Two suspects were charged Tuesday for attempting to rob a jewelry store June 6 on the Upper East Side in New York City.
USA Berman: The defendants’ alleged scheme – impersonating NYPD officers – took advantage of uncertain conditions in our community, preying on the fears of a small business owner and his trust in law enforcement
— US Attorney SDNY (@SDNYnews) June 8, 2020
Police say Ismael Igartua and Jose Rodriguez dressed as NYPD officers and identified themselves as police when entering the jewelry store, a statement by the U.S. Attorney’s Office of the Southern District of New York read.
The men then told the owner of the store to show them his legally-owned firearm, citing the risk that a firearm could be stolen by protestors. (RELATED: NYPD Officer Who Violently Pushed Woman In Viral Video Charged With Assault)
After the store owner’s firearm was secured by the two men, he was restrained and tied up by the thieves, the statement said. Igartua and Rodriguez then took the store owner’s firearm and jewelry valued at over $150,000 dollars.
Igartua and Rodriguez were then apprehended by actual police officers at a subway station a few blocks away from the store. “It speaks highly of the work done by the NYPD’s 19th Precinct Detective Squad and the FBI-NYPD Joint Major Theft Task Force that the only jewelry these men will wind up with are metal bracelets,” said FBI Assistant Director William F. Sweeney Jr in the statement.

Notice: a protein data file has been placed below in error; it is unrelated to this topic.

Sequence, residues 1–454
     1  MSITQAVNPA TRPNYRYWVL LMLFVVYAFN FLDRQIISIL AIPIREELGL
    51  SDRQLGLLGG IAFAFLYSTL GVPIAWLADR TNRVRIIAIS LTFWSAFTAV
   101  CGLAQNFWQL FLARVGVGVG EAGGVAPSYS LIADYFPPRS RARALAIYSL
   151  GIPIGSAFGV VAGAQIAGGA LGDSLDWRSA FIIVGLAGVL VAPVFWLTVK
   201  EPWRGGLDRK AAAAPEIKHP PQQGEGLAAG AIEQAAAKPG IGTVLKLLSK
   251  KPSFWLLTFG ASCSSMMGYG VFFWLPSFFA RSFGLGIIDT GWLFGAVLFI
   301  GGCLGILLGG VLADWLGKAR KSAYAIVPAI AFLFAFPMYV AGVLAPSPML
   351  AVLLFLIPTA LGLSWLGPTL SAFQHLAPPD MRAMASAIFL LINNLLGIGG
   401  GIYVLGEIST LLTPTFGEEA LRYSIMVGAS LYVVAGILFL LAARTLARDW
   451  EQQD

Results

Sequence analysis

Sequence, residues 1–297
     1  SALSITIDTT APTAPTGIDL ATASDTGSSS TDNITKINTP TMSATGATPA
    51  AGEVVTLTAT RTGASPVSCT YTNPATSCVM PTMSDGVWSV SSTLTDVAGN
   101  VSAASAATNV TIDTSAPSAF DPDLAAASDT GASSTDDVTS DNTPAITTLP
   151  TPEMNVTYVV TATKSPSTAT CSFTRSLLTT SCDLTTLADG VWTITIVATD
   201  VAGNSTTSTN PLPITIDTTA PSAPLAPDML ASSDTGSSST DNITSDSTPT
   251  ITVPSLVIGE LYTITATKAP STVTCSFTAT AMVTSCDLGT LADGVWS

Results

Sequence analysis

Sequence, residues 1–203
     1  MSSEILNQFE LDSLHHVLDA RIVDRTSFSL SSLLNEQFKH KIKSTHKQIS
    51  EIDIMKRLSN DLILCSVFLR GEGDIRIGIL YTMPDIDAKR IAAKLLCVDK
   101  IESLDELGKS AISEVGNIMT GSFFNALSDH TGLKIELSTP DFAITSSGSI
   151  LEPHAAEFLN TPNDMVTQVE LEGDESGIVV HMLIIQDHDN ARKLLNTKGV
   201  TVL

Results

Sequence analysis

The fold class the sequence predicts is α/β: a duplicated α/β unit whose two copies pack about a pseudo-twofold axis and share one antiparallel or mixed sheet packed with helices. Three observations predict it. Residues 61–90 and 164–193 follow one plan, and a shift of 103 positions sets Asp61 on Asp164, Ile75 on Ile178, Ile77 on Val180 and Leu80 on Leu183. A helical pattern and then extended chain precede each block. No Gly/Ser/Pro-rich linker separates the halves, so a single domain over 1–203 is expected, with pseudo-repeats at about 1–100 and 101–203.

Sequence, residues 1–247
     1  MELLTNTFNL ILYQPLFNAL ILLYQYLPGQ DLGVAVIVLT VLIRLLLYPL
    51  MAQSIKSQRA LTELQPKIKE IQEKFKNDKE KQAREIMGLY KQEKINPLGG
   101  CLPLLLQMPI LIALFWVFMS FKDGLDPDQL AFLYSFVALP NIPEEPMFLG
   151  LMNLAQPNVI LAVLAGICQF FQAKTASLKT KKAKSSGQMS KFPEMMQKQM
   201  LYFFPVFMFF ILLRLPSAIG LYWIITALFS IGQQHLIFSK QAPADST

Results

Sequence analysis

U.S. Attorney Geoffrey S. Berman said in the statement that Igartua and Rodriguez took advantage of the recent riots and protests in New York City and used them to prey on a small business owner. “This alleged criminal conduct is intolerable, and thanks to the work of the NYPD and the FBI, the defendants face significant federal charges for their alleged crimes,” said Berman.
Igartua and Rodriguez are charged with robbery conspiracy, robbery, brandishing a firearm, and being felons in possession of a firearm. The maximum prison time for all of the charges combined counts to thirty years and life in prison.